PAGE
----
No matter how careful we are, sometimes our pets get lost. And because they can’t tell people their address, the easiest way to get them back is to make sure they have ID. Tags are the traditional way to let people know who your pet belongs to, but it’s not enough. Collars can come off. Fortunately, thanks to modern technology, you can have a microchip implanted under your pet’s skin.
National Check the Chip Day was created by The American Veterinary Medical Association (AVMA) and the American Animal Hospital Association (AAHA). The purpose of National Check the Chip Day, as you can tell by its name, is to give people a yearly reminder to make sure their pet’s microchip record is up to date. It’s also a little nudge to those who haven’t yet had their pets microchipped.
How do you update your pet’s microchip record? First you need to go to the website of your pet’s microchip provider. The easiest way to find that, if you don’t remember, is to search for your pet’s microchip ID number using a website called the Universal Pet Microchip Lookup Tool. Once you’ve navigated to the website of your pet’s microchip provider, just log in and check your info and your pet’s info. That’s if you’ve already created an account and remember your username and password. But if you’re like me, and you created an account but forgot the username and password, and also never registered your pet with your account, it can be a bit of a hassle. But thanks to my extremely well-organized wife, who saved Barnaby’s microchip enrollment letter, I finally got logged in and registered Barnaby with my account.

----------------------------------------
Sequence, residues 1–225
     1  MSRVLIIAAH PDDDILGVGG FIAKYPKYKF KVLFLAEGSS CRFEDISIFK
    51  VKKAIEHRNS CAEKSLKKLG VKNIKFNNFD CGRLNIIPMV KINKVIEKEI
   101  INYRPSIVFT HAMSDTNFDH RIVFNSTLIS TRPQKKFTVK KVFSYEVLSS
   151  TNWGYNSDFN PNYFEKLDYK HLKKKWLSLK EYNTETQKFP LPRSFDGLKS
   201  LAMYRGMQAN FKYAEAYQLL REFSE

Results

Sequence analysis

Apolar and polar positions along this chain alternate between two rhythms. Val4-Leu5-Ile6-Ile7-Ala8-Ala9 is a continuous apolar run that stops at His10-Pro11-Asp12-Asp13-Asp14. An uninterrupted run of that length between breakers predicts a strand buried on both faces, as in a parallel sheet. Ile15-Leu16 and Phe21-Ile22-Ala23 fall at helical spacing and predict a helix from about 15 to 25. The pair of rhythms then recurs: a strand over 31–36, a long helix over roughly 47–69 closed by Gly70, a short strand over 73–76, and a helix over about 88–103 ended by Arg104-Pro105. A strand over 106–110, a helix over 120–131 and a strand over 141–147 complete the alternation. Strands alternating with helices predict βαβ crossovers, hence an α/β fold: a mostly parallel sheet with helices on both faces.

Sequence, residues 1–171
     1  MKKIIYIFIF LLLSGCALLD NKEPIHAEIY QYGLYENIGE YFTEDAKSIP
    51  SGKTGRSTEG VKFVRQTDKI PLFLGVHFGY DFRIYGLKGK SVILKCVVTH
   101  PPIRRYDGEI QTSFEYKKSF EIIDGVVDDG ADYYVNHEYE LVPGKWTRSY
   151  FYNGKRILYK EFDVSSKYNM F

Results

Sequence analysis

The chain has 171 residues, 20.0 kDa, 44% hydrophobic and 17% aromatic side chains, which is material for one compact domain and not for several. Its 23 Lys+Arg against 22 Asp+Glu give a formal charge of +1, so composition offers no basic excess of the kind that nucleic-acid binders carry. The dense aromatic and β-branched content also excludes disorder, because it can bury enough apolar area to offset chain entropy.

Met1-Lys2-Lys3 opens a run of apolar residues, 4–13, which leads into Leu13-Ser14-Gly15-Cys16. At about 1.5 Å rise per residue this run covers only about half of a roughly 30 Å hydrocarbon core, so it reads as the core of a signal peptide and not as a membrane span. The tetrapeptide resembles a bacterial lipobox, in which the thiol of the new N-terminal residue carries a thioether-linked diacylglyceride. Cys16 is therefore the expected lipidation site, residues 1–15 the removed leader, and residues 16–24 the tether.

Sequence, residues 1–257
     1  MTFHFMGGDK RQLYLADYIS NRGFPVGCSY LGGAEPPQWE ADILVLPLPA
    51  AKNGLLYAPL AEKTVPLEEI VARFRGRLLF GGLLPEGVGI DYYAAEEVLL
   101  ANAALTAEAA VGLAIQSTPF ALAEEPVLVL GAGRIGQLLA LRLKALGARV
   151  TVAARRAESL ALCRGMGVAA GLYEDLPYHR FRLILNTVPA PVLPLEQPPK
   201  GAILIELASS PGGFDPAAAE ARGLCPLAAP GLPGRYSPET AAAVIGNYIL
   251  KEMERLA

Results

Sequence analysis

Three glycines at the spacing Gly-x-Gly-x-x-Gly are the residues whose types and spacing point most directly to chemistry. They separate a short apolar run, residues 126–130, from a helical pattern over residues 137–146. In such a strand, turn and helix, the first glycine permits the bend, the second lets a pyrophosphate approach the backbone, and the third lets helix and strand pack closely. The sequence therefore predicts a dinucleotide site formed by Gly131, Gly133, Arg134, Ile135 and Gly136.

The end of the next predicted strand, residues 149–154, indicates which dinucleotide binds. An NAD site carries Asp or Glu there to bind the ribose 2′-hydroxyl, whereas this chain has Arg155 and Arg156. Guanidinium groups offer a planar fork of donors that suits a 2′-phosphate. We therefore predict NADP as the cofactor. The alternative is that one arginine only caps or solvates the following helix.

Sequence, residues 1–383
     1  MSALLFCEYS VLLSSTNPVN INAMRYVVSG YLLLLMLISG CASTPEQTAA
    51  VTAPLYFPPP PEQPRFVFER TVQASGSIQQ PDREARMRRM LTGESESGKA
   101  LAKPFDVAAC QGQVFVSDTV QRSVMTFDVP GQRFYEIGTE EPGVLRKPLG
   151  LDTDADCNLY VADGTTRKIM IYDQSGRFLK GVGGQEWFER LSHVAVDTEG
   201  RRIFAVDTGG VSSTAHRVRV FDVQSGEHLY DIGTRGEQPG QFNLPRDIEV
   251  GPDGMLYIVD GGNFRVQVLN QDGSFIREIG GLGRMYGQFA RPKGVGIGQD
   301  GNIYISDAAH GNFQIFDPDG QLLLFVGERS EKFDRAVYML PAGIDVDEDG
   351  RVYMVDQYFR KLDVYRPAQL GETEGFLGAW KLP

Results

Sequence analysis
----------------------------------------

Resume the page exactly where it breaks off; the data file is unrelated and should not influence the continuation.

According to a great infographic at the AVMA website, microchipped dogs are twice as likely to be returned to their owners, and cats are twenty times as likely to be returned. But when a microchipped pet can’t be returned to its owner, it’s usually due to missing or inaccurate information in the microchip registry. That’s why National Check the Chip Day is so important. As a result of writing this article, I discovered that I hadn’t registered Barnaby with my account on his microchip provider’s website. Fortunately, my vet had enrolled Barnaby in the microchip registry when they implanted his microchip, and they included their contact info in his record; so he’d gotten lost any time in the last five years, they would have been contacted and then they would have contacted me, and I’d have gotten him back. But were it not for the diligence of my vet, my own negligence would have resulted in Barnaby’s microchip being worthless. So please take advantage of National Check the Chip Day to check your pet’s microchip records and correct any problems you find. It just may be the difference between a quick reunion and never seeing your pet again.
Editor’s Note: Thanks to my husband, Andy Frederick, for writing this post for me!